A Banquet of Consequences(7)

By: Elizabeth George


“Cunt in a bottle.”

She shook him hard, a teeth rattling shake. She swung him round to face the sitting room. “Get out of my sight,” she snapped. “Get yourself in order, and do it now. You know what it takes, so do it. And do not make me tell you more than once.”


SPITALFIELDS

LONDON

Outside, Alastair MacKerron went directly to the bakery van. He was shaken more than usual by what was going on with Will. This was the worst he’d ever seen.

He’d had high hopes at first when Will had taken himself off to London. He’d found himself a girlfriend—bit edgy with all her piercings and those mad tattoos, but what did it matter at the end of the day?—and he’d managed to establish a business that did fairly well for a bit. He’d even made contact with his gran, and if he’d ignored his mum’s advice to keep well clear of his dad and his dad’s infant bride, what did that really matter either? He was setting off on his own at last, and the occasional upset surely wouldn’t be enough to take him down. At least that was what Alastair had believed.

“Let him spread his wings, Caro” had been Alastair’s advice. “You can’t keep coddling the lad forever.”

Caroline didn’t see it as coddling, of course. She saw it as being a proper mum. For being that to her boys was paramount to her, and she’d made this very clear to Alastair from the moment he’d realised—much to his chagrin—that he’d fallen hard for a married woman.

He’d felt lucky to have her for quite some time. From the moment he’d seen her at that Christmas panto, sipping a virtuous orange juice at the interval and observing, bright-eyed and smiling, the gaily garbed families surging through the bar and lined up for ice cream and purchasing souvenir programmes right and left, he’d wanted to know her. He’d been there with five of his nieces and nephews and she’d claimed the same: two nephews who were running about somewhere making trouble, no doubt, was how she put it. That the “nephews” turned out to be her sons was something she admitted to only much later.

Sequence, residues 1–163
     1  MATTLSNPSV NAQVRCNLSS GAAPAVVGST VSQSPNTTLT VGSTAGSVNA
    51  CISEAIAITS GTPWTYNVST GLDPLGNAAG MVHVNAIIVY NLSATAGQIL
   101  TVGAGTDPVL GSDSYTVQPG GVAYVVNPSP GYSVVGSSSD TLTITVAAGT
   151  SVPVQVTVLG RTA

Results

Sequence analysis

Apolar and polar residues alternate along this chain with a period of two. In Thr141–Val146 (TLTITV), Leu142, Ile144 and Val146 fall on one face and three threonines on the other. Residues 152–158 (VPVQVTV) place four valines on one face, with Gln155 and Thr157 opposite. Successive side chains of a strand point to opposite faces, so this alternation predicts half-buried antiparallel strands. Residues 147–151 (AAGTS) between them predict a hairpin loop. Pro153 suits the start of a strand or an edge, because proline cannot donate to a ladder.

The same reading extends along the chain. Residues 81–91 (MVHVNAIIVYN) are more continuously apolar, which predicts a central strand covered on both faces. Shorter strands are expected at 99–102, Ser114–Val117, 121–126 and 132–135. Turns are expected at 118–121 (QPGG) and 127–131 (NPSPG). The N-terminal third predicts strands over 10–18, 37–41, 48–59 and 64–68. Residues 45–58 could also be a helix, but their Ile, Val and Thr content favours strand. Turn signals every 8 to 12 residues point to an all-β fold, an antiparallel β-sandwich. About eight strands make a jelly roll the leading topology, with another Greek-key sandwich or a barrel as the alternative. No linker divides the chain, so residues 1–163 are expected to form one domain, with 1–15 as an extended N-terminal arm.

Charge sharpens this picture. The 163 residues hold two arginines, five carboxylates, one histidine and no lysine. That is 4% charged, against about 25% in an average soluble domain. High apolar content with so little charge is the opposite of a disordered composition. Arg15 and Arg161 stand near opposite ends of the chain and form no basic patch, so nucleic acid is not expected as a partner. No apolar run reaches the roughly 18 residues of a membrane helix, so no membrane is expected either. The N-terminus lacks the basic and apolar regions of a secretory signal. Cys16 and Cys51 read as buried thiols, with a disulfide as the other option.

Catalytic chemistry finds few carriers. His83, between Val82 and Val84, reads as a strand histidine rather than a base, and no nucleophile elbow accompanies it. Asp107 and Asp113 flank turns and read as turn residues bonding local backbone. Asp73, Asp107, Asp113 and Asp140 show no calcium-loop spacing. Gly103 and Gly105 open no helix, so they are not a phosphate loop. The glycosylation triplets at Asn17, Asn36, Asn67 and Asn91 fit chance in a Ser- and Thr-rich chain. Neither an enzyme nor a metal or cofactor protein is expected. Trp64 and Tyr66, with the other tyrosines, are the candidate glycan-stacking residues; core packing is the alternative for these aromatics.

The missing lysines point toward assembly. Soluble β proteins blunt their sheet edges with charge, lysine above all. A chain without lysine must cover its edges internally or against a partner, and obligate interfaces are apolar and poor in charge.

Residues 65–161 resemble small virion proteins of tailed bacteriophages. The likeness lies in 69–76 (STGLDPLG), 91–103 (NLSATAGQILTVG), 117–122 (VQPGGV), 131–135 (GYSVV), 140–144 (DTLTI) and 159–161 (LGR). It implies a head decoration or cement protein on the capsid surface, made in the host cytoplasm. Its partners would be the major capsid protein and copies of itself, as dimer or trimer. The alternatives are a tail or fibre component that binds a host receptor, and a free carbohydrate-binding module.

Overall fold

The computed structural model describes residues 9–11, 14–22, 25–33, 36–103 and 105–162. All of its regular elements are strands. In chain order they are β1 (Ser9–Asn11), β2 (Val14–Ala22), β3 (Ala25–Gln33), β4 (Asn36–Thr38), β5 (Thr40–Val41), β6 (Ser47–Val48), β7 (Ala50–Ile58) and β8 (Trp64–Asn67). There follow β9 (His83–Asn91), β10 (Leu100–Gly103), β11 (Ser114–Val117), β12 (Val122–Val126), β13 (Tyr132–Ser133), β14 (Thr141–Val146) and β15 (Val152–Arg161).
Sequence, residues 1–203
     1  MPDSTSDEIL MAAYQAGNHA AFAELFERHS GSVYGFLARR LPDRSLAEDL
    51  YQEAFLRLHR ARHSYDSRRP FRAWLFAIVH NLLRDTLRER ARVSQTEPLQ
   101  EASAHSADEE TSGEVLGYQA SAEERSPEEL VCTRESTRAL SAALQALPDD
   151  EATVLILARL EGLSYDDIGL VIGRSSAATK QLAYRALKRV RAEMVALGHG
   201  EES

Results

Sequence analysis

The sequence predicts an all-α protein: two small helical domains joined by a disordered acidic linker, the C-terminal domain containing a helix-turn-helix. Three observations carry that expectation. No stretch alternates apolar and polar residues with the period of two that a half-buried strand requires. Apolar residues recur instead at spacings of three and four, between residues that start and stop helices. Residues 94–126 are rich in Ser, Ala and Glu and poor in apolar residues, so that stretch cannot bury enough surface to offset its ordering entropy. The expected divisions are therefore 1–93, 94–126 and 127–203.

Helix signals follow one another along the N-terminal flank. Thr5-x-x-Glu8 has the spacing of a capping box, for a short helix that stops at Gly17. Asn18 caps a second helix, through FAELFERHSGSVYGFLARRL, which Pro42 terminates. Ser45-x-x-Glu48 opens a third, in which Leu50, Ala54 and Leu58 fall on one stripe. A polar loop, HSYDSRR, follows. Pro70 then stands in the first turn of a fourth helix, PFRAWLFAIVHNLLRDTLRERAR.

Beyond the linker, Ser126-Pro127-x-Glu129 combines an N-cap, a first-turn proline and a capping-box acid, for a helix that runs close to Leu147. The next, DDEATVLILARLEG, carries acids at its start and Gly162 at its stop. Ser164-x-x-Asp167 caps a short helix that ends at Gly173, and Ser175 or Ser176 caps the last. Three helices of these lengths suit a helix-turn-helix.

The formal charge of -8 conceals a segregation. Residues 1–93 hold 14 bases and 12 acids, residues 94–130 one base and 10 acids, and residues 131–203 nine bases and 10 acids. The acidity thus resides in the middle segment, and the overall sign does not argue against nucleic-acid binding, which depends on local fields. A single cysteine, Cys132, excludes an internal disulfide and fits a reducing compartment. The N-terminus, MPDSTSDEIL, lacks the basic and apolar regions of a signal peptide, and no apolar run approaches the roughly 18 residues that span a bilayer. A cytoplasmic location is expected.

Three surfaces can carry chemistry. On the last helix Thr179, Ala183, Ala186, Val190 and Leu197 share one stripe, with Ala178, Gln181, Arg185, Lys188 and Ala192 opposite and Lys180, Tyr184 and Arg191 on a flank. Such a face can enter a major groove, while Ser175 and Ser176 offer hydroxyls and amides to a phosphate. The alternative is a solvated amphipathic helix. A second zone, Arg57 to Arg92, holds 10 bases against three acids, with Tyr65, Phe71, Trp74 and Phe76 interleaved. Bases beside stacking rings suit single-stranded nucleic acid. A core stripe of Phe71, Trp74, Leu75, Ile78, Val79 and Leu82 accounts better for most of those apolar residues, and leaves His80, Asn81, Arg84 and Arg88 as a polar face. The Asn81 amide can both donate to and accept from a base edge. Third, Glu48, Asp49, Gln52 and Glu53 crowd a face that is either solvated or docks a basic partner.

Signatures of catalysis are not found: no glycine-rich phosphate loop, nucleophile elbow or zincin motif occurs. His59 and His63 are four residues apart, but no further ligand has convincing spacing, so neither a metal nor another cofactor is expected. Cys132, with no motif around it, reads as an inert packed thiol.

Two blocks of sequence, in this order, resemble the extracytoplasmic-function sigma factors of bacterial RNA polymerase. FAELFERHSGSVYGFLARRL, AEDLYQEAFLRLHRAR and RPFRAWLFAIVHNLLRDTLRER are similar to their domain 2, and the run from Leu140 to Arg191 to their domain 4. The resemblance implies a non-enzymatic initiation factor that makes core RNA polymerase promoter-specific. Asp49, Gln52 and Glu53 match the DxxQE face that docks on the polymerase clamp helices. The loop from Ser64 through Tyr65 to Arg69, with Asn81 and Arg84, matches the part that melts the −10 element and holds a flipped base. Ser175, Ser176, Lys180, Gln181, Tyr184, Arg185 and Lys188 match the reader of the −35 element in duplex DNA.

“I didn’t know what you’d think,” she’d told him.

What she’d meant was that she didn’t know what he’d think if she’d revealed she was married. Unhappily so. Tied to a man who lacked sufficient interest in the act to bed her more than once each season. But married all the same.

He wouldn’t have thought a thing, he told her. Only that she was slim and gorgeous with mounds of dark hair and staggeringly beautiful bosoms and great dark eyes and lips so full that he lost his breath merely looking upon her. And part of the breathlessness he felt took root in the fact that she actually wished to talk with him, him a toad to her fairy princess, short and plain and thin of hair, bespectacled, and not ever what he’d dreamed to be: SAS man, a killing machine, decorated soldier and all the rest. A chance of fate had taken care of that, a badly set leg in childhood rendering him a limping, halting lump of a thing with one built-up shoe and no hope of the military life that would have made him the man he’d known he could be.

They’d talked happily that night at the panto: the coming holiday, the importance of family at Christmas, his parents in Scotland, her mum in London, what they would do, whom they would see. She’d revealed very little; he’d revealed much. Later, when the bell sounded to call the audience back to their seats, he’d slipped her his card and said shyly that if she ever wished to meet for a drink or a coffee or if she would like to see his business . . .

“What sort of business?” was what she asked.

“Repurposing,” he said.

“What’s that?”

“You must see.”

He’d hardly expected anything to come of their meeting, but she turned up at his shop in Whitecross Street not two weeks later. There he sold what he made of what he’d found in car boot sales, estate sales, junk shops, and tips. Huge factory gears fashioned into tables; polo mallets made into lamps; metal garden chairs on which a decent coat of varnish formed a protective patina over an artistic display of rust and chipped paint; other people’s lumber given new life.